Wednesday, January 2, 2019

Jan. 2, 2019

Not really a lot going on day 2 of the Japanese New Year week, but still a fair amount to write about. First, Tenmonkan had their annual actitivies in front of 7-11, starting with the Southern Cross girls handing out free boxes of Tenmonkan-themed tissues. Again, this was a big hit with the homeless people in the area, who would get back in line to get as many boxes as they could before getting caught.

There were a couple of other tables in the area as well. One was handing out small cups of what tasted like apple vinegar, the other had shrine plaques with the inoshishi (boar) motif. I got one (below), and went over to the main Tenmonkan shrine at the end of the arcade, but there were too many people there waiting in line to pray. So, I walked the 5 blocks to Terukuni shrine to put another good luck charm (which I received during the Ogionsa festival) into the recycle bin.

At the front of the shrine, one of the Kagoshima politicians was greeting people. I don't know who he is, but his advertising posters are plastered all over buildings in Minami-Kagoshima (minami = south). Mostly, everyone just ignored him.

When I got back to Tenmonkan, the lines for the small shrine were gone, so I wrote my message on the back of my plaque and prepared to leave it at the shrine with the others.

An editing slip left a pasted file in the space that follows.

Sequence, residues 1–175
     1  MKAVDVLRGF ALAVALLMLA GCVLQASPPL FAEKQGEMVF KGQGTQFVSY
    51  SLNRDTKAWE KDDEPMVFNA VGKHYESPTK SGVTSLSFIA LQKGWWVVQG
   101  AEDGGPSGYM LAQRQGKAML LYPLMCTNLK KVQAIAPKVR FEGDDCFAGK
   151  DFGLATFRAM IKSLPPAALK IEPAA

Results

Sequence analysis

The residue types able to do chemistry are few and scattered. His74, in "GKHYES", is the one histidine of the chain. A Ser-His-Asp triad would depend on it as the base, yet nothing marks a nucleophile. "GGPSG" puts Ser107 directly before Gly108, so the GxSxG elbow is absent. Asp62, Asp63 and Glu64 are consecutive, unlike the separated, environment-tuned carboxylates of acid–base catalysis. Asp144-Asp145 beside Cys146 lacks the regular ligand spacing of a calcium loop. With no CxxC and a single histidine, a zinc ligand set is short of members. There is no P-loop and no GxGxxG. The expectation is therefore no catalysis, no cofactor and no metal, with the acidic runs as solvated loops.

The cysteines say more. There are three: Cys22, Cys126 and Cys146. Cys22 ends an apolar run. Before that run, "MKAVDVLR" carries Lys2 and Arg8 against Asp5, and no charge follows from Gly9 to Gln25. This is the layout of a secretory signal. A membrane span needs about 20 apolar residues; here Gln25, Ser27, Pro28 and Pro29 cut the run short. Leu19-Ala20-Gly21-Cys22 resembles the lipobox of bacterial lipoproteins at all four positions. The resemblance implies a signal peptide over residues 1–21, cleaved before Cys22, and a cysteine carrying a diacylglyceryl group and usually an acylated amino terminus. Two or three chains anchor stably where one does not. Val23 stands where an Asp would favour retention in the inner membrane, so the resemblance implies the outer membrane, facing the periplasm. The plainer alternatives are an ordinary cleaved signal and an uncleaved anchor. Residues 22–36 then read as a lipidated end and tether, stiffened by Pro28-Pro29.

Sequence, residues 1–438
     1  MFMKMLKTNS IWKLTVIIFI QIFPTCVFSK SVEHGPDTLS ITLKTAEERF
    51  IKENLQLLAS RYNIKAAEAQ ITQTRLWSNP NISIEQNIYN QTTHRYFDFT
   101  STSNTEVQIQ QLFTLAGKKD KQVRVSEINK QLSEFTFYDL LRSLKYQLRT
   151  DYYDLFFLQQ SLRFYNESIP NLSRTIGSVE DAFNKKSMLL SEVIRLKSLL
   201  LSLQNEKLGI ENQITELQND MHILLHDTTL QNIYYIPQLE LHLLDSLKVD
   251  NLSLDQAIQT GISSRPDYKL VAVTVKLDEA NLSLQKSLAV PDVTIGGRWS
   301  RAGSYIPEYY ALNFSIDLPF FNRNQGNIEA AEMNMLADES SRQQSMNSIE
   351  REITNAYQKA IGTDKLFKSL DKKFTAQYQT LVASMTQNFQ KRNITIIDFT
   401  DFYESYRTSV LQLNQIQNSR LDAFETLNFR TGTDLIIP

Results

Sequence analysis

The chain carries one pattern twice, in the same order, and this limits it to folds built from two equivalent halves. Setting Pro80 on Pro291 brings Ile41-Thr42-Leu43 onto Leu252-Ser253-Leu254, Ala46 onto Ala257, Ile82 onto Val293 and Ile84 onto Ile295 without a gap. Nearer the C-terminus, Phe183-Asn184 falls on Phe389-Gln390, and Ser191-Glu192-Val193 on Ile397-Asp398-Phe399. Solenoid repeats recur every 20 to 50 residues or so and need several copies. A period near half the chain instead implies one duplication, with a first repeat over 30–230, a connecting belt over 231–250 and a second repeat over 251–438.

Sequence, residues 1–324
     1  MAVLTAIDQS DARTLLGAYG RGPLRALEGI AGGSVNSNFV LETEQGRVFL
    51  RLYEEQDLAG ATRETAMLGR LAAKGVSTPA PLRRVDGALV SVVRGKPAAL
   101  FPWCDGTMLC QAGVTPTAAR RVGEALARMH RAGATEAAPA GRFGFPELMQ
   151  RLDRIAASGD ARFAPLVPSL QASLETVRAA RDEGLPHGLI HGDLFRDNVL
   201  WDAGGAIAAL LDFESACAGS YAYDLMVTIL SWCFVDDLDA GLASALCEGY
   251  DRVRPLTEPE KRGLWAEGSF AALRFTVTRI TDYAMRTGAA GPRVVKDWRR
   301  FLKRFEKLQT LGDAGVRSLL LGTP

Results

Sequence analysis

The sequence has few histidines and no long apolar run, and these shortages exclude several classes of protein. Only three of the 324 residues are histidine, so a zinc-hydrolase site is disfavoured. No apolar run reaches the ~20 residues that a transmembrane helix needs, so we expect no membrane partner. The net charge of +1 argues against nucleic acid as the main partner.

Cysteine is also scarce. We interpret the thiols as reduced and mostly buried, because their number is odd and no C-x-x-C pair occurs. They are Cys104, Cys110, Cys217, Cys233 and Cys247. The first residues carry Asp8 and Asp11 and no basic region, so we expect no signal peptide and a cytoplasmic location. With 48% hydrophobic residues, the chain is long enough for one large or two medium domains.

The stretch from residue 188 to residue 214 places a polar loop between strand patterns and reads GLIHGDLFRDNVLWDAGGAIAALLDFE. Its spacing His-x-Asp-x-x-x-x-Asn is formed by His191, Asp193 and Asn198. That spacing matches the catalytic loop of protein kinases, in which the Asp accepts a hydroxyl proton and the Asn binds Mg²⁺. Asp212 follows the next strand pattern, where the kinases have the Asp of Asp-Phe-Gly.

Plaque rack in front of the shrine dedicated to Tenmonkan

Most of the people here are shopkeepers or staff, prepared to carry this portable shrine through the arcade. One of the guys is my barber.

At 1 PM, the madness began, with community business leaders throwing out hard candies, small packages of mochi (pounded rice), fortunes, and discount coupons for 10% off of things people normally don't buy (the video is below).

The two guys to the right are the manzai comedy duo, Party. They were the main MCs for the day.

I'd been doing a bit of walking around during the slow times between noon and 1 PM, which included a side trip to the Maruya Gardens department store up at Streetcar Street. They had a mochi pounding dance, and some other stuff that I'd missed (or, the crowds were too heavy to get good photos). But, a sign nearby announced a mochi giveaway at the rooftop garden at 2 PM. When I got back to Tenmonkan, it was 15 minutes before the madness, so I grabbed a large cup of coffee from Starbucks, and read manga for a few minutes. I'd been in the middle of the people catching stuff last year, and had no interest in repeating that for what amounted to less than $1 of candy and discounts. When Party announced the start of the gift throwing, I had my coffee in my left hand, and my camera on record in my right. As I was recording the madness, one piece of candy actually hit the top of my coffee cup before bouncing off and hitting the ground behind me, where I could hear 5 people fighting for it. A minute after that, another piece went through the gap between my chest and right arm, hitting the backpack slung over my shoulder. I guess it hit the ground behind me and someone else took it. No loss.